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Louisiana Turns to App for Medicaid Improvements, Accessibility

The Louisiana Department of Health has partnered with vendor MAXIMUS to streamline Medicaid enrollment, creating the Healthy Louisiana app. Eligible residents can use the app to compare health-care plans and find doctors.

Healthy Louisiana
The Healthy Louisiana app is meant to be a one-stop shop for Medicaid recipients.
Armed with a new app, Louisiana has modernized its Medicaid enrollment processes.

In the past, Medicaid-eligible Lousianans enrolled by responding to mailers, visiting Department of Health (DOH) offices, contacting call centers or working their way through the DOH website. The app now enables users to securely enroll in the program, compare health-care plans, find in-network doctors near their locations, and more. The state is billing this project, which has been dubbed Healthy Louisiana, as the first Medicaid enrollment app in the country.

And it seems to be well-received among users. To date, Healthy Louisiana carries a 4.5-star rating on the Apple App Store, with one of the 68 ratings reading: “So wonderful of a service that is provided for people that can’t afford. So grateful.”

This work was done after federal regulations required the state to procure an independent enrollment broker. The winning company, MAXIMUS, worked with DOH, developing the Healthy Louisiana app for Apple and Android devices. 

DOH Medicaid Program Monitor Micah Caswell said the app has been downloaded about 40,000 times, and it continues to attract more enrollees as it is refined and improved. Since the app’s launch, digital enrollment has risen to account for about 30 percent of state Medicaid health plan choices made in the past year, Caswell said.

“What the app does is allow members to have a digital means of enrollment that doesn’t require them to remember a Web address,” Caswell told Government Technology. “They download it on their phone, they can use it each time they need to make an enrollment choice.”

In March, an update expanded Healthy Louisiana to include a Spanish language option and geolocation services that help users get directions to nearby in-network doctors.

DOH spokesman Robert Johannessen said Healthy Louisiana simplifies the often arduous task of comparing differences between five managed care plans so a user can easily find the best option to suit their needs.

“This pretty much continues a strategic initiative of the department and Medicaid to find as many different pathways as possible for us to be able to communicate with our Medicaid members,” Johannessen said. “Since we went to the managed care format, most of the health plan to member communications is handled by the [Managed Care Organizations], so it’s incumbent upon us as an agency to be able to identify ways that Medicaid can speak directly to our members. This is one of those tools that we now have.”

He also said DOH is working with MAXIMUS to diversify the agency’s communication channels with residents and facilitate better options to receive and review feedback from the 1.5 million Louisiana Medicaid recipients.

Michael Bostian, the senior director of mobile products at MAXIMUS, said that while there isn’t a formal education campaign, information about Healthy Louisiana is sent along with mailings and addressed by call center staff. Bostian said MAXIMUS and the state are focusing efforts on word of mouth and will build out from there.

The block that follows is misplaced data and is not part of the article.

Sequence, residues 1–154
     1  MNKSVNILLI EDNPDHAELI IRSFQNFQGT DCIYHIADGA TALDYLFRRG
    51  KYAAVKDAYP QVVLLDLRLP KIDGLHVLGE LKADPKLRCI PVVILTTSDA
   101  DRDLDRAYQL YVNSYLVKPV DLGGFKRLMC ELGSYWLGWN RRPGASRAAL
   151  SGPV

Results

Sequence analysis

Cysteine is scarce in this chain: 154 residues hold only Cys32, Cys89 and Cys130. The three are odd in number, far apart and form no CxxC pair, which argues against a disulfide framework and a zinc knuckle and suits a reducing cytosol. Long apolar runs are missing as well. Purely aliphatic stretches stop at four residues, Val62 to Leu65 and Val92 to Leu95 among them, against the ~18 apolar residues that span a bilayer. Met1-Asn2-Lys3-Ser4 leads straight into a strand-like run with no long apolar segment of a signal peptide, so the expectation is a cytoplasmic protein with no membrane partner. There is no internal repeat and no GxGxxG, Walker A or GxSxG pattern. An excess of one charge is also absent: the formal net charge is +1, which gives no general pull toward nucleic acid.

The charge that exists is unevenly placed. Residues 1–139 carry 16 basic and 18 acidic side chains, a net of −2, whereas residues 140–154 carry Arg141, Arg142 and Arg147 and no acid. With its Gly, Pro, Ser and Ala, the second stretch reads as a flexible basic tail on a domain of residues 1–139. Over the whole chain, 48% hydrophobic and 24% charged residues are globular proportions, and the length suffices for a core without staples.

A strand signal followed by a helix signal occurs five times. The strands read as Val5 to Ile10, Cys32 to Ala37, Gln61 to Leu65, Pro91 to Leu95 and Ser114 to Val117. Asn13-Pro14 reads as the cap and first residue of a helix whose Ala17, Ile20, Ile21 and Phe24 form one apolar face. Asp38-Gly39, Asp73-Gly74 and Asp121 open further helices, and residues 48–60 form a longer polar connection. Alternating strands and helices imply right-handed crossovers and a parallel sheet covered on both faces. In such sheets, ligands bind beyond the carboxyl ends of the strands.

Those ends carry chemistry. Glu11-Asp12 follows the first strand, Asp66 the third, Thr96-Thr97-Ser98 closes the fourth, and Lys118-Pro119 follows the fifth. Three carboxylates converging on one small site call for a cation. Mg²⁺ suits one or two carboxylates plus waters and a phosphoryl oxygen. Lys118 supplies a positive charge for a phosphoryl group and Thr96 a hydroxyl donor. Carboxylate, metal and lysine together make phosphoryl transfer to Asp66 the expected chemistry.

“In addition to getting the message out within the state of Louisiana, we’ve spent a lot of time trying to get the message out within [DOH] itself to make sure that everybody there has bought into the idea of this app and they’re able to go out and evangelize it themselves,” he said.

Healthy Louisiana is built on a flexible platform that allows for customization and additional features to be layered onto the company’s solution throughout the lifespan of the application, he said. The MAXIMUS team is encouraged to observe the user experience of other everyday apps and then attempt to emulate that in its own product.

Bostian said the integration of Google Maps mirrors how other apps draw upon the GPS service to provide users with directions without having to leave the Healthy Louisiana app.

“We know at this point that users aren’t going to tolerate antiquated, complex things,” he said. “They expect that there’s some commonality. They expect that if it’s Google Maps, it works the same in ‘App A’ as it does in ‘App B.’ We do try and work to ensure that our apps are as easy to use as all the other apps that we all use to manage our day-to-day lives.”

He said it’s important for MAXIMUS to be “in lock step” with DOH as more users download and use Healthy Louisiana. Both entities are developing new ways to streamline the Medicaid experience, but it’s too early in the process to give definitive examples, he said.

Caswell agreed that the partnership with MAXIMUS is a very close and collaborative one. He said DOH is heavily involved in all aspects of the app and maintains an ongoing dialogue with the company on how to further the capabilities of Healthy Louisiana.

“Any member that is eligible for Medicaid is placed into the managed care program, either by their choice or by an auto-assignment algorithm that is compliant with federal regulation,” Caswell said. “What [Healthy Louisiana] does is give members another mechanism to make their enrollment choices.”

Government Technology is Governing's sister e.Republic publication, offering in-depth coverage of IT case studies, emerging technologies and the implications of digital technology on the policies and management of public sector organizations.
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